Posted by: learnsignlanguage | April 11, 2011

Auslan An Introduction to Sign Language

There’s a secret language known amongst some select individuals in Australia. It’s a unique language with more colloquialisms and odd phrasings than any slang or pig latin that you can think of. It is “spoken” amongst an estimated 14,000 individuals with 2 established dialects, the Northern dialect in NSW and Qld and the Southern variety throughout the other states. It even enjoys its own exclusive community television channel, Channel 31 in Melbourne features specially developed programming, produced by volunteers.

This is Auslan, Australian sign language.

How is AUSLAN different?

Auslan has been officially recognised as the preferred language in the deaf community, emerging as part of the common instruction program for deaf children in the 1990s. Contrary to popular belief, sign language is not derived from its national spoken counterpart – so Auslan has practically no resemblance to spoken English. In fact, individuals from different nations with a common spoken language may have trouble communicating with each other as the gestures and structural formation can differ greatly.

Auslan is a derivative of BANZSL, which is the parent language for British Sign Language and New Zealand Sign Language, so these three languages have very similar patterns. Meanwhile, Auslan has borrowed some of its words from American Sign Language (ASL), especially those relating to technical terms. Outside of this, the signs between ASL and Auslan can be very different and unrecognisable between speakers – for example, ASL uses a one handed signed alphabet while the BANZSL varieties all use two handed letter signs.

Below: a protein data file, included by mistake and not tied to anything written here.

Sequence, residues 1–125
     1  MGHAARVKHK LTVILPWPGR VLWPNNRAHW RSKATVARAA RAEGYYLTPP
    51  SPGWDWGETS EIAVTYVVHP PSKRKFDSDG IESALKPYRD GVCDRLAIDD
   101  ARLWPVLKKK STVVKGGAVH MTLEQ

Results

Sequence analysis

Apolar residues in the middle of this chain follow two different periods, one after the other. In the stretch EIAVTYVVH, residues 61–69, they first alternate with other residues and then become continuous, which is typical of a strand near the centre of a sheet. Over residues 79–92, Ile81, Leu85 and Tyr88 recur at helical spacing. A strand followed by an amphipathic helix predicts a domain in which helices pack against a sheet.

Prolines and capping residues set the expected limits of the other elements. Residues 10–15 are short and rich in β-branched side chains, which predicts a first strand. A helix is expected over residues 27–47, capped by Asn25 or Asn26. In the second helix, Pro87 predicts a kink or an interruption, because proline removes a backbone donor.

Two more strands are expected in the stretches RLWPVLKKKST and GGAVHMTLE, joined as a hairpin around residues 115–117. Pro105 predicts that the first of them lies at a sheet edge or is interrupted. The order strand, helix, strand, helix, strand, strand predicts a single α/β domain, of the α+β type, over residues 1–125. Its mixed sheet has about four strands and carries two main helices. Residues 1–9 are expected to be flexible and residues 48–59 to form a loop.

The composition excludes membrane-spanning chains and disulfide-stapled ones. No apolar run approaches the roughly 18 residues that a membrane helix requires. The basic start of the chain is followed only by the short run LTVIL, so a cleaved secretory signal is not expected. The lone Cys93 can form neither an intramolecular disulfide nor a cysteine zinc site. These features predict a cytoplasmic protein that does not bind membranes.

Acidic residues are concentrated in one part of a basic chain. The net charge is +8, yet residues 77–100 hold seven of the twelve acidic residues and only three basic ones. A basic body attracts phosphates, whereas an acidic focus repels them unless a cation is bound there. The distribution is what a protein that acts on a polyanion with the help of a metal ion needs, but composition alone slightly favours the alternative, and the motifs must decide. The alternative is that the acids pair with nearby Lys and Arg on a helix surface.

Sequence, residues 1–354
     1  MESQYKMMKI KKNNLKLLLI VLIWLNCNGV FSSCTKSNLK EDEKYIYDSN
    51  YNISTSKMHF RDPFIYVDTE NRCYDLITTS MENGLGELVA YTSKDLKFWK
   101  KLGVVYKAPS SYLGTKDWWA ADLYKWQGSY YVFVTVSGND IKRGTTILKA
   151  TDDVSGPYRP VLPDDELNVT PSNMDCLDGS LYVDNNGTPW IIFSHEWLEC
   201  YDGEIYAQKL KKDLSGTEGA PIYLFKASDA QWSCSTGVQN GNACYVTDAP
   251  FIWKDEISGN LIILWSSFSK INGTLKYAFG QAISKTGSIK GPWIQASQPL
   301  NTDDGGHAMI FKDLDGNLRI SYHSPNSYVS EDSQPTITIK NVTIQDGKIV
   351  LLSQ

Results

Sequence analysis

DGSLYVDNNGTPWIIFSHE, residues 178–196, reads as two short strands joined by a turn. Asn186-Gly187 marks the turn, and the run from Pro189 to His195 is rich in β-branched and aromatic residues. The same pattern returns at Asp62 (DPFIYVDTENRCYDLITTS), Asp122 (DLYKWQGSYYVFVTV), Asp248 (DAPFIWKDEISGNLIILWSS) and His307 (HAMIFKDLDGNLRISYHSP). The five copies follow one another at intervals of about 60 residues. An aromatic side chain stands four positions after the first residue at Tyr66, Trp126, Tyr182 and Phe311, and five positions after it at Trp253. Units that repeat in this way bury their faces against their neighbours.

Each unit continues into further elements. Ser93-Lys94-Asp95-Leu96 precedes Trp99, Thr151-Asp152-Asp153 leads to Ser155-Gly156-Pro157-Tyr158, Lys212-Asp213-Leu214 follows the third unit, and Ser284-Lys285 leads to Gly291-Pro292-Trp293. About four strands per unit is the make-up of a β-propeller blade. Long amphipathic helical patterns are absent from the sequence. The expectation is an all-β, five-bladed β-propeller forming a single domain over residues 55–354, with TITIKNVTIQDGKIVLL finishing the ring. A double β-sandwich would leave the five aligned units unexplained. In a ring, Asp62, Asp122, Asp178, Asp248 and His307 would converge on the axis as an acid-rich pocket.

Auslan and most other signed languages are unique in the way sentences are structured. For instance, there are no “state of being” verbs (am, are, is) in Auslan but they have been incorporated into signed English. Signed English is growing less popular as most individuals within the deaf community prefer to communicate in Auslan.

Auslan and hearing implants

For many hearing impaired individuals, hearing aids can significantly improve their hearing abilities, while cochlear implants are known to restore partial hearing abilities and has revolutionised the treatment for hearing loss in children. However, many individuals who do acquire cochlear implants may still prefer to use sign language to communicate especially during the initial adjustment period. Meanwhile, family members and loved ones of the deaf may often learn Auslan and use it as a preferred method of communicating within the home.

Cochlear implants are revolutionary ear implants that can help restore hearing to individuals with sensorineural impairment. For more information on hearings aids and communities for the deaf, visit the Cochlear website.

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